The implication last week that some institutions will not implement this year's pay rise was misleading ("Poverty plea could delay 3.5 per cent pay rise", THES , September ). First, all higher education trade unions have accepted the offer. This year's settlement is innovative and reasonable given the financial climate as it leads to the establishment of a single pay spine for all staff covered by national bargaining and provides for large increases - 13.4 per cent for entry-grade academic staff and 5 per cent for low-paid support staff.
Second, this is the second year that we have had a so-called financial difficulties clause in the final agreement. This has yet to be used by any higher education institution.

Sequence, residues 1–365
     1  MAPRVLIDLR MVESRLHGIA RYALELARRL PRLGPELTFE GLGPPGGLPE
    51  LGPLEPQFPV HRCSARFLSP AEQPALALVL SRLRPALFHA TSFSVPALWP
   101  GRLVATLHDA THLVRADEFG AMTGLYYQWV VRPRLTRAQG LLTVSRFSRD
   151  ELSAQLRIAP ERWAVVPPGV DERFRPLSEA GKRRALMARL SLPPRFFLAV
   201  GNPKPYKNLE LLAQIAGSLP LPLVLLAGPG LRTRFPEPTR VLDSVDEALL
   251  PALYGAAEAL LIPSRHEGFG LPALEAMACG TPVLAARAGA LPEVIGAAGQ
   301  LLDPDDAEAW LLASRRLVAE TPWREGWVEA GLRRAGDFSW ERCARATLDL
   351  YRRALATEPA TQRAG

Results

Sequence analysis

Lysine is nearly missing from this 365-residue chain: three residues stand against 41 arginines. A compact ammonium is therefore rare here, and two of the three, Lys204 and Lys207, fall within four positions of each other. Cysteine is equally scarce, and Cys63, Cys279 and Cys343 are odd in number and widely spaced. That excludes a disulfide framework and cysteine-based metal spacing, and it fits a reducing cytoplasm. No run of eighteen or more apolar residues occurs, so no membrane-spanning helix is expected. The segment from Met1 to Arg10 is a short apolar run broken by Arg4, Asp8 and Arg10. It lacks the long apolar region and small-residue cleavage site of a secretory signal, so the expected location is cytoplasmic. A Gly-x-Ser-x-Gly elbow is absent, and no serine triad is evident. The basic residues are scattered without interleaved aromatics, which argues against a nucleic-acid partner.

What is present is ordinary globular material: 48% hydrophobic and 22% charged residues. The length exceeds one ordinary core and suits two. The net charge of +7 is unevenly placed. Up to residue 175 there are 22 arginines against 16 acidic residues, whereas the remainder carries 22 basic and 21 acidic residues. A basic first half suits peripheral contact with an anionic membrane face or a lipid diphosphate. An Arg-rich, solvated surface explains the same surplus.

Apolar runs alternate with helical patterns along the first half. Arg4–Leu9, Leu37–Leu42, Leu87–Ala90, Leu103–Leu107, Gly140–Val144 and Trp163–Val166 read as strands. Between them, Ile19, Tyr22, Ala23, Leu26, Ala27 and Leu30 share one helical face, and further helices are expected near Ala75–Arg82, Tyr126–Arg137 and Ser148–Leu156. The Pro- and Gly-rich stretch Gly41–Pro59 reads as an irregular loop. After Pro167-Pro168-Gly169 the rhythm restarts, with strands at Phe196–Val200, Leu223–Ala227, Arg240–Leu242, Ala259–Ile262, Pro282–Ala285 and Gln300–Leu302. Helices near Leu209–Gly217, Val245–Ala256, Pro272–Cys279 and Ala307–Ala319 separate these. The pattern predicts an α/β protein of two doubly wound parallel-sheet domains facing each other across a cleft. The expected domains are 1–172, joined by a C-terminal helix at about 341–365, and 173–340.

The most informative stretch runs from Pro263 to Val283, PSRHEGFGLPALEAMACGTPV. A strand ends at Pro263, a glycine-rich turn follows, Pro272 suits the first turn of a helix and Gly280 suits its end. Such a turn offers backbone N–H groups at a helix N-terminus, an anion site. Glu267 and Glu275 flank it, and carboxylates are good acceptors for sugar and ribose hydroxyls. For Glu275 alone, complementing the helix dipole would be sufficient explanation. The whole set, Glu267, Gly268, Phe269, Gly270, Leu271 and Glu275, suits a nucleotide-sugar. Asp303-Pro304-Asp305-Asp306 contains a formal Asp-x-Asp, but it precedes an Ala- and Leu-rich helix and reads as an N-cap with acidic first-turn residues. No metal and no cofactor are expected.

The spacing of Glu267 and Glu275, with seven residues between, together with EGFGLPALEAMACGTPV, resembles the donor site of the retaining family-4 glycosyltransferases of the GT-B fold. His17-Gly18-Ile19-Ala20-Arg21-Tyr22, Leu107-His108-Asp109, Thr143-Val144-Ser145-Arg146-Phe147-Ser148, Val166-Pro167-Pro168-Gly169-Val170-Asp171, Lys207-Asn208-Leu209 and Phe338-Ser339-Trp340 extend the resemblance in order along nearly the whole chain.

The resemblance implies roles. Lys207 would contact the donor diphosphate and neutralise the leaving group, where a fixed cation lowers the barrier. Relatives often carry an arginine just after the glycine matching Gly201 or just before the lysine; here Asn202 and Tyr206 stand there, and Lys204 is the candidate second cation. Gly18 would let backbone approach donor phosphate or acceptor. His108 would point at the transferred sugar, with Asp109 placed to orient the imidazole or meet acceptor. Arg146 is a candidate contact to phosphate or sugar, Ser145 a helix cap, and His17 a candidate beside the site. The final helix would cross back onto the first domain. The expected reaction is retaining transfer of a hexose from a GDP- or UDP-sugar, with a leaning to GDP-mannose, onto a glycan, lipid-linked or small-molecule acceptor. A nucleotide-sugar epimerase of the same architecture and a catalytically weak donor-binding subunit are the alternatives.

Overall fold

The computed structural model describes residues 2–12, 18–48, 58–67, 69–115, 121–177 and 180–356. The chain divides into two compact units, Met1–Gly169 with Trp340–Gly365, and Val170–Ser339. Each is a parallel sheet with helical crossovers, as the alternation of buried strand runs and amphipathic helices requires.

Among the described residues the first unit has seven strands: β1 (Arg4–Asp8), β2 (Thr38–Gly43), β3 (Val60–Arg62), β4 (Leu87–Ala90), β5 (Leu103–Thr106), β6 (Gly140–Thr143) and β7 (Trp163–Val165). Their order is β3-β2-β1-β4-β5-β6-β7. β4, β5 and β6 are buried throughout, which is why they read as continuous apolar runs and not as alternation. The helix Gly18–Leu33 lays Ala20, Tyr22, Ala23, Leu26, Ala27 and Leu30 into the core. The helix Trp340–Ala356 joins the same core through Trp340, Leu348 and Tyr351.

We have every reason to believe that institutions will go to great lengths to find ways to ensure the pay award is implemented, as they did last year, despite the financial difficulties many face. To suggest otherwise is a red herring that diverts us from the real progress being made in the national negotiations on pay modernisation and other important issues.
Universities and Colleges Employers Association